Section 291 states that if a person still continues causing public nuisance even when the person has been served injunction by a Court of law and such injunction is already ordering the person to not repeat such acts then in that case the person is punished with imprisonment of 6 months or he can be fined.
Section 294 talks about indecent songs and it further state if a person plays or recite or sing such indecent songs then in that he is causing a nuisance. Such an offender is jailed for a term of 3 months with fine or both.
4. Law of Torts
Noise pollution can be included under the offence of nuisance under the law of torts. Any person who is facing an issue due to such noise pollution can file a civil suit to claim damages. As long as there is interference in the use of land by the person due to the noise pollution and the person can prove such damages then in that case the person can file a suit related to such noise pollution.
5. Motor Vehicle Act
The Motor Vehicle Act lays down guidelines and related to the use of horns in vehicles. Horns that are too loud and causes nuisance are not allowed to be used under this Act.
6.Noise Pollution Control Rule, 2000 under The Environment Protection Act, 1996
The Noise Pollution Control Rule was amended in the year 2000 by the Indian Government to tackle and restrain noise pollution and it was made a part of The Environment Protection Act, 1996.
Under this rule, the government categorised territories as industrial, commercial and residential areas and the noise standard for such categorised territories were specified under this rule. This rule also stated that within the area of 100 meters of any hospital, schools, universities and court premises must be declared as silence zone and minimal noise shall be made in the 100 meters range.
The noise standard for day time in industrial areas is 75 dB, commercial areas are 65 dB, residential areas is 55 dB and for silence zone is 50 dB. The noise standard for night time in industrial areas is 70 dB, commercial areas are 55 dB, residential areas is 45 dB and for silence zone is 40 dB.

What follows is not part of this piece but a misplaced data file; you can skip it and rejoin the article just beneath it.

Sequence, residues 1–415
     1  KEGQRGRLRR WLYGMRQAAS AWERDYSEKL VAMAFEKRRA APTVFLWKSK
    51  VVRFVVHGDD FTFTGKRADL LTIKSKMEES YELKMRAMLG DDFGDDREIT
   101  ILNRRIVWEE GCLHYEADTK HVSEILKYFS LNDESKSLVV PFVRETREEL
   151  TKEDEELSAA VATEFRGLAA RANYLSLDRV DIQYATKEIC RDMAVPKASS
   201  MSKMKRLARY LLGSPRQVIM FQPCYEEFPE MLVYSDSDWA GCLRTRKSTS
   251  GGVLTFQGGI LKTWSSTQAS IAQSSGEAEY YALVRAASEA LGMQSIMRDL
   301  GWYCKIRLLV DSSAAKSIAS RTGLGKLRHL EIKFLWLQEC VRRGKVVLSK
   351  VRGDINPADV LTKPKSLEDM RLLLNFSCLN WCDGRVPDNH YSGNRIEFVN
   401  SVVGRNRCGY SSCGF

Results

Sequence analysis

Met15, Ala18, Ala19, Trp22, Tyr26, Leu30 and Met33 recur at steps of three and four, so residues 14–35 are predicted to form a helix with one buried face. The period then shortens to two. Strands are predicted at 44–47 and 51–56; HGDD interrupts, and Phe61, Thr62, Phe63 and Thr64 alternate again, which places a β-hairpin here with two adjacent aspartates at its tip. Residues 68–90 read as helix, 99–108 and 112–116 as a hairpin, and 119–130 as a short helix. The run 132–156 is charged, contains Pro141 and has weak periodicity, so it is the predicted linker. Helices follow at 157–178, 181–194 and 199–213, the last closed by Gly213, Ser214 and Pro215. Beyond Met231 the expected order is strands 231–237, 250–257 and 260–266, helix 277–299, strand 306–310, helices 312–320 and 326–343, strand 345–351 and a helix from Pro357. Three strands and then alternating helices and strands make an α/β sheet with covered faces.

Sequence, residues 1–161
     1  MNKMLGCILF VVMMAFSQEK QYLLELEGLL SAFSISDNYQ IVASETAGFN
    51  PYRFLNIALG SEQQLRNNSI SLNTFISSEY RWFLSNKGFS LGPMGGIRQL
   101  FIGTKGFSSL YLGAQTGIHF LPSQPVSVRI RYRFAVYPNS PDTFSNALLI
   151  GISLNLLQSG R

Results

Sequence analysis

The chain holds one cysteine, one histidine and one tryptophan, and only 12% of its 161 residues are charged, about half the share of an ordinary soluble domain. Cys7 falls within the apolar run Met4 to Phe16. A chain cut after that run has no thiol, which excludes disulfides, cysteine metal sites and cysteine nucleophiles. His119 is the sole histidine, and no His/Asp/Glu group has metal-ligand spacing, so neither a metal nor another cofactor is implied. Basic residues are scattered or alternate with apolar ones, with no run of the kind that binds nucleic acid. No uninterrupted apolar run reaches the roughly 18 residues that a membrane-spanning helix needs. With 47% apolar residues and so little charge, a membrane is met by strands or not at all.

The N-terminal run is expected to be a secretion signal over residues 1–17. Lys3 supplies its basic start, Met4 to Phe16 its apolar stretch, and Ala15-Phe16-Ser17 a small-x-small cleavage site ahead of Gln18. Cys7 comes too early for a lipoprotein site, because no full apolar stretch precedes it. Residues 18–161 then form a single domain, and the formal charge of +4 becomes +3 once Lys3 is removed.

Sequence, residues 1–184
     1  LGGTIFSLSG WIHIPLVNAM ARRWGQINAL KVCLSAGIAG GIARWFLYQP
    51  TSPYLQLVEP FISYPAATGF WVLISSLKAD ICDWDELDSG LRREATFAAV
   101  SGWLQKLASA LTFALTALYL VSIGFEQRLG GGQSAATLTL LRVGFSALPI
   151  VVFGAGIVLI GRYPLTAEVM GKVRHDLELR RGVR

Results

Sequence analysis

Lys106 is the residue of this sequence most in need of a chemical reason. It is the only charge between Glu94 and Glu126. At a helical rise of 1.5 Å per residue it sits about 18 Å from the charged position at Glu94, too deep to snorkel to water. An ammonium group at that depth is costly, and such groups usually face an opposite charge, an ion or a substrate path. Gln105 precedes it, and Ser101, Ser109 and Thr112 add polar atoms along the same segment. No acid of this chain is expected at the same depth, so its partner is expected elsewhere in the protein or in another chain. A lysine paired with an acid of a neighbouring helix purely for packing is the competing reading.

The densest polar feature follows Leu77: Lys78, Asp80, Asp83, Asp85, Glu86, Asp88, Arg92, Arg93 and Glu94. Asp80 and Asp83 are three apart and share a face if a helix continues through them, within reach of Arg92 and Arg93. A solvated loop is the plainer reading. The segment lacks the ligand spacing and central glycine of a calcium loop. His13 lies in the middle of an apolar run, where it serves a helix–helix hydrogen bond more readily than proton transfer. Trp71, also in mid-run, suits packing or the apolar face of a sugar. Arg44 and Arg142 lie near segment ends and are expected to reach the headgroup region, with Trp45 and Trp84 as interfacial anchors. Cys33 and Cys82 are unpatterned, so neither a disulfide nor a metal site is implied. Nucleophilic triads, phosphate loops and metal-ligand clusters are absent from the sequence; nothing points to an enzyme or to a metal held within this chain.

Also, this rule states that any loudspeaker can only be used after it has been permitted by the authority and such loudspeaker cannot be used from 10 p.m. to 6 a.m. and any person violating these rules becomes an offender and such an offender is liable for punishment and fine.
This rule is implemented across the territory of India.
Case laws related to noise pollution in India
Moulana Mufti Syed vs State of West Bengal and ORS. 1998
In this case, there were certain restrictions imposed in the State of West Bengal regarding the use of microphones. The restriction was that microphones cannot be used from 9 p.m. to 7 a.m. and only public authorities can use microphones in that time period.
The petitioners filed a writ application. The petitioners stated that azaan is part of their religion and such restrictions are violating their Article 25 which allows freedom of religion.
The court disposed of their petition and it stated that other people cannot be forced to listen to such azaan and the following restriction is not violating their Article 25 by any means and the police under the state of West Bengal were directed to confiscate any microphone used before 7 a.m.
Ram Autar vs State of Uttar Pradesh, 1962
The appellant, in this case, used to sell vegetables. In the process of selling, he used to auctions the price of vegetables which caused disruptions and nuisance. This auctioning was used to be carried out in private but still, it caused disruptions. The Court passed a restraining order in auctioning.
Later the Supreme Court repealed the orders and stated that under Section 133 of CrPC and stated that Section 133 was not made to stop such trade merely on the ground of disruption and discomfort. Hence, the appellant was allowed.
We can say that India with time has addressed the issue of noise pollution and the damages it can cause. By implementation of several laws regarding noise pollution, it can be said that the Indian Government is doing its part in the prevention and control of Noise Pollution.